The potential peril of "investing" in Hatchimals

Some people invest in stocks, while others prefer less risky alternatives like bonds. This holiday season, however, a few hearty souls such as New York Times best-selling author Sara Gruen are dabbling in the “Hatchimals” market.

“Hatchimals,” furry interactive critters that “hatch” from speckled plastic eggs, are among the hottest toys of the holiday season. Shoppers who can find them in stock should expect to pay orders of magnitude higher than their $59.99 retail price on sites such as Amazon (AMZN), eBay (EBAY) and Bonanza.   

Gruen -- whose works include “At the Water’s Edge,” “Water for Elephants” and “Riding Lessons” --  decided to get in on the action as well so she could fund a legal battle to free a person she believes is wrongfully convicted of murder. According to PhillyVoice.com, Gruen has already racked up $150,000 in debt on her long-shot legal battle, which she likened to the hit Netflix (NFLX) series “Making of a Murder.”  

The writer, who didn’t disclose the prisoner’s identity, spent $23,595.31 on the toys -- at an average price of $151 -- on eBay the day after Black Friday.    

When she tried to start selling her collection, however, she soon found out that sites such as eBay place limits on activities by new sellers until they establish a track record with customers to ensure “a safer experience for all eBay members.”

Gruen didn’t respond to a request for comment for this story left with her publicist and on her Facebook page and Twitter account. In an interview with PhillyVoice, she said, “It never occurred to me that I’d have trouble getting rid of them.”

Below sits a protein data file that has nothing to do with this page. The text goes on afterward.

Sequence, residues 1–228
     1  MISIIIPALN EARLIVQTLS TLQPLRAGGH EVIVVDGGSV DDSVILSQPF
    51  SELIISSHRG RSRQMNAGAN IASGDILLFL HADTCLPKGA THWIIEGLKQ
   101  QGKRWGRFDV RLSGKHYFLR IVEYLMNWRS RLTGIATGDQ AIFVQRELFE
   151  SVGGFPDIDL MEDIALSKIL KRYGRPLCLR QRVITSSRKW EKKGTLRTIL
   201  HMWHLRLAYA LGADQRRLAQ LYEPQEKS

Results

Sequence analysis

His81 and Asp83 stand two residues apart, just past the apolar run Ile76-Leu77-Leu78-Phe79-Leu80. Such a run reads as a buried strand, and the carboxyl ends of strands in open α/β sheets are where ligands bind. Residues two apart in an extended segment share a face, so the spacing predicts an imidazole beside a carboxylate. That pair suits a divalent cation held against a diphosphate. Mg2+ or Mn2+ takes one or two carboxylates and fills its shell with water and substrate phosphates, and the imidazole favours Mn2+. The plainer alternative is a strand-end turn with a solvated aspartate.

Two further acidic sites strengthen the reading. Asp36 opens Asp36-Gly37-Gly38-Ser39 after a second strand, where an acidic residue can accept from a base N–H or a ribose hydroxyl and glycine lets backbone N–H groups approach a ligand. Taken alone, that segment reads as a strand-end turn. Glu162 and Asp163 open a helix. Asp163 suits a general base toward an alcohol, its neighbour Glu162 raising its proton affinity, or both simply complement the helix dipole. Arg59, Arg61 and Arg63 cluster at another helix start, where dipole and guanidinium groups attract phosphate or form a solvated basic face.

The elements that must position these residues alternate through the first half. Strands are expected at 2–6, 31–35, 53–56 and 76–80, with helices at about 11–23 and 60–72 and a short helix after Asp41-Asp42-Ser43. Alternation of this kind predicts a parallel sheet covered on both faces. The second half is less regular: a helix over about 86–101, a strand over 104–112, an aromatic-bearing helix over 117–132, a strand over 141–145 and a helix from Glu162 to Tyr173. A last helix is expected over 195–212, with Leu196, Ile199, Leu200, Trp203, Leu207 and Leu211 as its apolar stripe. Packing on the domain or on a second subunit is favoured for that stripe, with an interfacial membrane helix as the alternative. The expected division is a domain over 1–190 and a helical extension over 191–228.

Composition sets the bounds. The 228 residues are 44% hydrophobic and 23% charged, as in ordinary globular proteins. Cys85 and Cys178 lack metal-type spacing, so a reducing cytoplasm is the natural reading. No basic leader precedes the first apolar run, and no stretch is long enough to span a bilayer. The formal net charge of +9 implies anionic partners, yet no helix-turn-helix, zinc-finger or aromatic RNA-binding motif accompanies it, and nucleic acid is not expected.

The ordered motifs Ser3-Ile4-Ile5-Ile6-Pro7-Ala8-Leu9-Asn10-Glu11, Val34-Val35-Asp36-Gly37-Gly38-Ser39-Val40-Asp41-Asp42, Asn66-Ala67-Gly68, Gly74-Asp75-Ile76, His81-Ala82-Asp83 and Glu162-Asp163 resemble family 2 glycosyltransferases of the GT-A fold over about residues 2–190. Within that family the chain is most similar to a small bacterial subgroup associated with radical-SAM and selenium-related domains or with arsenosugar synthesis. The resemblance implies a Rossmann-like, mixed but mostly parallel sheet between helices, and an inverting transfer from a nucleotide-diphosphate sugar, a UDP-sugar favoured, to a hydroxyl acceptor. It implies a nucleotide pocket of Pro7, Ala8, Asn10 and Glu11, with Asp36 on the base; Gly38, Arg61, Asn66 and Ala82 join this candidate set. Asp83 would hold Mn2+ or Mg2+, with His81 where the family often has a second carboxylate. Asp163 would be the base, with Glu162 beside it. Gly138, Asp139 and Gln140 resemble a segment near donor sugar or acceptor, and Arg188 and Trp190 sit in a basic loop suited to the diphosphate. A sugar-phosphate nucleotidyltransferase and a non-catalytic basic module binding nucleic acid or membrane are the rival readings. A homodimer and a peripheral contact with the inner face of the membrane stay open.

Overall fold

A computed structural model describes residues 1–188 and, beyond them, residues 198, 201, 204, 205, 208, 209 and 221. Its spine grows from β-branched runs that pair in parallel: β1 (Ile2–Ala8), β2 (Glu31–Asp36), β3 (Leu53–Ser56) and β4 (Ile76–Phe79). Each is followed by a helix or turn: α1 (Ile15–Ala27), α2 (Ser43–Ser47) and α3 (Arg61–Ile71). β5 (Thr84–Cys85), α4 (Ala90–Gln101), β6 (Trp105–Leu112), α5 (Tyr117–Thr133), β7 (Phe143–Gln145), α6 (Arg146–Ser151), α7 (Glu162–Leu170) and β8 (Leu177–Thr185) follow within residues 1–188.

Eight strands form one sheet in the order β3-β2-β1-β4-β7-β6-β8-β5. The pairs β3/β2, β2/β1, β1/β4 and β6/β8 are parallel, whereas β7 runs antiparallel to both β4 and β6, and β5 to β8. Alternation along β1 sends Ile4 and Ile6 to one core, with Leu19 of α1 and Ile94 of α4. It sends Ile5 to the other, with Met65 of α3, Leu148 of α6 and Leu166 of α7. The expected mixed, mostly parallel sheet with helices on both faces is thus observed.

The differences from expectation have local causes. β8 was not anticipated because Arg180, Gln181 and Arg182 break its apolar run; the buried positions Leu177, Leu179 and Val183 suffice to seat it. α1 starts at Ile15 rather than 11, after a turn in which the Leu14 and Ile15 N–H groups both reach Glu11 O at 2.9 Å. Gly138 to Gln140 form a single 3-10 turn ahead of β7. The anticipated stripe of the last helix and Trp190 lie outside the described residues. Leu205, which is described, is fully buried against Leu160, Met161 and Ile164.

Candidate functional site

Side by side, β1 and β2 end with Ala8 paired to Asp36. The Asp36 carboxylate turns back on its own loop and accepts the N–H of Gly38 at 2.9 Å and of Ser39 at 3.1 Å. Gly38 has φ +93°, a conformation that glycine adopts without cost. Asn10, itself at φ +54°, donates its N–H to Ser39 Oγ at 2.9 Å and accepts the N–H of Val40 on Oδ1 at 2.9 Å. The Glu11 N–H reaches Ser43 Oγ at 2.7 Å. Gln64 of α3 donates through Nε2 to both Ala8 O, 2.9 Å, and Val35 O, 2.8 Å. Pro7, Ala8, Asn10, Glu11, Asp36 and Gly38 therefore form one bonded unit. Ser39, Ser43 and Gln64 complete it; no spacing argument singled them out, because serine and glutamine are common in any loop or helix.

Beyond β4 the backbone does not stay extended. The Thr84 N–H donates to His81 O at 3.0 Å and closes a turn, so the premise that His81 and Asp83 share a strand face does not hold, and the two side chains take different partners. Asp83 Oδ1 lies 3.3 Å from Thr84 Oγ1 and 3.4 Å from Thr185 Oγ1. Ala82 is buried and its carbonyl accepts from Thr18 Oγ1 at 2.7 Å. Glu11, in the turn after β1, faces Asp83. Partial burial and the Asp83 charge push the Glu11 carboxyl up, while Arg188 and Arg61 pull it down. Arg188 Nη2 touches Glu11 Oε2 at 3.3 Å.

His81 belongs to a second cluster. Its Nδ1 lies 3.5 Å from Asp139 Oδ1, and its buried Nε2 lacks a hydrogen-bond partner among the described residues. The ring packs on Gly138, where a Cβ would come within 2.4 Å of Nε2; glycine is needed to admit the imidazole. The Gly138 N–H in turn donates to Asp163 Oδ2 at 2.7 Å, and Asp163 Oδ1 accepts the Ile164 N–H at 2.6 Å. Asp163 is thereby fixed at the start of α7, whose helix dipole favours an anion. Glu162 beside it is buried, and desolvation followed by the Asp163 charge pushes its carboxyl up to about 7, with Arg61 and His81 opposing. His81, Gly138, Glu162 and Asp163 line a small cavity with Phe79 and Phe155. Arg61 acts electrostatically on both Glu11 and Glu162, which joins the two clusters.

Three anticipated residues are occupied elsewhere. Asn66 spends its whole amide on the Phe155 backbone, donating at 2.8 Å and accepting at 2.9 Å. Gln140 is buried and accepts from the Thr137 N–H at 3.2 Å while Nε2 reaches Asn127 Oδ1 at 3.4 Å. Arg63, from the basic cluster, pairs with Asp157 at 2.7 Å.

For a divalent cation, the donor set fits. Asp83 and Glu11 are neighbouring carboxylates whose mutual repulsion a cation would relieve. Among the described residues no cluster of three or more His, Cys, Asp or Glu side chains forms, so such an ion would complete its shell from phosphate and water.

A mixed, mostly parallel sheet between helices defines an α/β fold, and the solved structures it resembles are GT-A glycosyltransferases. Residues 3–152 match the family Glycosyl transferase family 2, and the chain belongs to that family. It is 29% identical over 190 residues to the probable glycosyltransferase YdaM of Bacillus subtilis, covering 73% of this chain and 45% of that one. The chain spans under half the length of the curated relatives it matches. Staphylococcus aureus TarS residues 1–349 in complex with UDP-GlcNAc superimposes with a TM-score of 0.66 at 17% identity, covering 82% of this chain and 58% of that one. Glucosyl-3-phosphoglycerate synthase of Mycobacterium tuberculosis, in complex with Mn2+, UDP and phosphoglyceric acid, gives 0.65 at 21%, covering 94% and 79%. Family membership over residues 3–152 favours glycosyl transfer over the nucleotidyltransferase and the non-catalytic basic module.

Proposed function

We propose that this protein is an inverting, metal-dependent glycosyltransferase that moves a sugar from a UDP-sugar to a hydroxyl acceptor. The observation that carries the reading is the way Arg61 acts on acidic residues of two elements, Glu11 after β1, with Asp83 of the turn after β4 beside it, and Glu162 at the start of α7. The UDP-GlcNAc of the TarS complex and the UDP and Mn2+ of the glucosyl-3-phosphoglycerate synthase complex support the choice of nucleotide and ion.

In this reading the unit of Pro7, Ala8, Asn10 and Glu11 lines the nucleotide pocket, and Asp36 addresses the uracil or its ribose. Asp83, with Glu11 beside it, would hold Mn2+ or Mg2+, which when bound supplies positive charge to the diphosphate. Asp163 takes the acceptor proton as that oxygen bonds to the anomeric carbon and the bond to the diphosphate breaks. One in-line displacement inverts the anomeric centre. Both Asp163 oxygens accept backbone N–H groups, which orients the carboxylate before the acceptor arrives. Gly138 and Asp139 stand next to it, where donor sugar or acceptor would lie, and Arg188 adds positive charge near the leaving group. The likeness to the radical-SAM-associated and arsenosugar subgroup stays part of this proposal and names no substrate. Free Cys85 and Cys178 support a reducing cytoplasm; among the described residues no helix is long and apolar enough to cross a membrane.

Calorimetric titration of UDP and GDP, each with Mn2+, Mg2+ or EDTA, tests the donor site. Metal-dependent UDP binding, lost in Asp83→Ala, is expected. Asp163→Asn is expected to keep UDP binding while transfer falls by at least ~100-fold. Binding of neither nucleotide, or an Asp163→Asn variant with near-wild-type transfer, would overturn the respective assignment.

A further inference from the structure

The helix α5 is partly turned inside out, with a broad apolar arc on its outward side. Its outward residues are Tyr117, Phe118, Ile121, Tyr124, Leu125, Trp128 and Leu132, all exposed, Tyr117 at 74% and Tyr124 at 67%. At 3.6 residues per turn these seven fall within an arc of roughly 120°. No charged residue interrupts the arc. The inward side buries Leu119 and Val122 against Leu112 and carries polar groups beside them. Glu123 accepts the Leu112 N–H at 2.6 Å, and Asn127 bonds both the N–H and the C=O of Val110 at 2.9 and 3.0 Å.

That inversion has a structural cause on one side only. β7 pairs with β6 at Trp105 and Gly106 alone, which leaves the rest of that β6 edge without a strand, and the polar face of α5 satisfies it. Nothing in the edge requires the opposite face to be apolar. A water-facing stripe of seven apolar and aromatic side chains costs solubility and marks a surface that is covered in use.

EBay has since removed its restrictions on Gruen’s account after it determined that she had the inventory that she claimed. Gruen is also offering six different types of Hatchimals on her personal e-commerce site, with prices ranging from $189 to $219, two of which are sold out. As a bonus, she’s including an autographed copy of one of her books with each order.

In a Facebook post yesterday, Gruen said she had sold 40 percent of her inventory and had given four of toys away to needy children. However, she has also gotten plenty of criticism on social media.

“Even if I just gave mine away at this point, it wouldn’t fix the Hatchimal shortage,” Gruen wrote.

Spin Master, the Canadian toy company that created Hatchimals, was caught off-guard by the “extraordinary” demand for the toy. While additional products will hit store shelves in December, the company expects that inventory to sell out quickly. Spin Master has increased production and expects a “whole new batch of Hatchimals” to be available in early 2017.

“This is a special season, and we don’t want anyone to be disappointed, nor do we support inflated prices from nonauthorized resellers,” the company said.

Gruen may have gotten into the market too late. Two Arizona brothers who went on a $5,000 Hatchimal buying binge in October reportedly were in the black by the time the writer got caught in the frenzy around the toy.

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    Jonathan Berr is an award-winning journalist and podcaster based in New Jersey whose main focus is on business and economic issues.